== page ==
Interview: Alexander 23 breaks down the barriers of bedroom pop

Courtesy of Interscope

There’s a tune in Alexander 23’s mini-but-growing catalog that marks a special moment for the burgeoning bedroom pop star — an especially giddy and bright spot that bookmarked an attitude and song style that was juuuuust right for the Chicago-born songwriter.

It’s called “When I Die,” penned about about exactly what the title says. And Alexander 23, for one, loves the contradiction of it all.

“Can you put it on at a pre-game with your friends? Yes. Could you also listen to it by yourself in a pitch dark room and really get into it? Yes,” he explains of his songwriting process to Vanyaland. “And if it can check those two boxes, I’m super happy.”

Ahead of his new October 25 EP I’m Sorry I Love You — and in tangent with the release of his new video for “See You Later,” which dropped today — Vanyaland chatted with Alexander 23 about his breakout year with Interscope, his endless genre fluidity, and the art of making a perfectly poignant pop song. Read on for the entire Q&A and new vid.

Victoria Wasylak: You started playing guitar when you were a kid, and you’ve been playing music for most of your life, but when did this era as Alexander 23 officially begin for you?

Alexander 23: So, the conception of it was about almost exactly a year ago. I was in LA; I moved to LA to do some songwriting production for other people and I had been doing that for about six months here, and it wasn’t giving me the fulfillment that I thought it would and kind of needed from music. And so I one day kind of like — well, it sounds so cliché, but woke up, and I was like, “Okay, here’s the day I stop doing that, and I spend every day writing songs for me and making videos for me until I figure out a way to make that into some kind of a career.”

Right, that’s really incredible that you had an epiphany because for a lot of people it’s a slow awakening. But, I guess it wasn’t quite like that.

Yeah, I mean it was definitely brewing for a while. It was something I always knew that I wanted to do at some point, but just one day I was like, “Well you know, what am I really waiting for here?” No one’s going to ever knock on my door and say “Today’s the day, go do your thing.” I was like, “I’m the only one that’s going to make this happen for myself.” I’m happy that I had the realization because it’s been much more fulfilling and creatively where I want to be.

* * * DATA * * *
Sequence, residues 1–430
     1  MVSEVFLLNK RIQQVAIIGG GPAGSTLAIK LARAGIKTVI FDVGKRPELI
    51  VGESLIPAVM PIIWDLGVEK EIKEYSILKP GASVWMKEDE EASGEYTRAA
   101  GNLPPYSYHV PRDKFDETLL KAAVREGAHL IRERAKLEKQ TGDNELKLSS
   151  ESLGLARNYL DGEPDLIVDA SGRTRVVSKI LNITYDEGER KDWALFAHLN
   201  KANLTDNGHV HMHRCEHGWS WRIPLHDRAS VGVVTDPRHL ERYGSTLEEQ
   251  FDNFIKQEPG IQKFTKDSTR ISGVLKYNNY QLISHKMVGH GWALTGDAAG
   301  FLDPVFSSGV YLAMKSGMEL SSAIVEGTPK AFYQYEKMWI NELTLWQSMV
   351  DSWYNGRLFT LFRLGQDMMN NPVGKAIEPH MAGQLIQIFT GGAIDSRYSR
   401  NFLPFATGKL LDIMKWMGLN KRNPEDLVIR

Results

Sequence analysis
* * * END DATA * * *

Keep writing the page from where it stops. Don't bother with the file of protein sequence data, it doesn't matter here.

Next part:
And when you were opening for Alec Benjamin [on tour], you didn’t really have any music out at the time. How did you make that work? Because that’s pretty difficult when you don’t have a presence online yet.

Totally. It was definitely a challenge and it was weird. My first song came out right before tour, but because it was so new, a lot of the fans hadn’t even had a chance to find that or check that out. It was a cool challenge to figure out ways to orient the songs live — to give people almost a chance to really quickly learn the song and then start enjoying it. A lot of the times I would start the song with just me and the guitar, almost teaching people like, “This is how it goes” and then bring in a track and be like, “Okay now this is the actual song.” But it was cool. I mean, the truth is, that only works if the fans are receptive to liking new music and giving something a chance. I’m just grateful that his fans are so open to becoming a fan of me as well.

So, this pretty much started a year ago, and that’s an extraordinarily quick pace for a new artist or a project. How did you get involved with Interscope?

Initially I was, I wouldn’t say anti-label, but it wasn’t the top of my priorities. I wanted to kind of do things my way and just see where it took me. But, someone sent my music to someone at Interscope, and they just loved it. And we met, and they totally got the vision from such an early-on point and were so supportive of me developing this in my brain and them just kind of being the amplifier. And so, the relationship has been super healthy. Just everyone kind of believing, I mean I’m just grateful they believe in my style and what I want.


What do you think it is about your music or your brand or your personality that made you able to set up this “fast track” for you, for your career?

I think it’s two things, I’ll answer that in couple of ways. I think the same way sometimes you hear people… and I’ve said it before in interviews too… but you hear people say, “You know, well I wrote the song in an hour.” It’s like, “Well yeah, maybe like from start to finish of actually sitting down to write the song it took you an hour and that’s great.” But it’s like, you’re going to have to go out and experience that thing for such a long time to even be able to be in a place to write that, and you have to practice writing songs for years to get the skill down where you could even get that feeling into words in an hour. So it’s been incredibly fast, but at the same time, I’ve been playing in bands since I was eight or nine.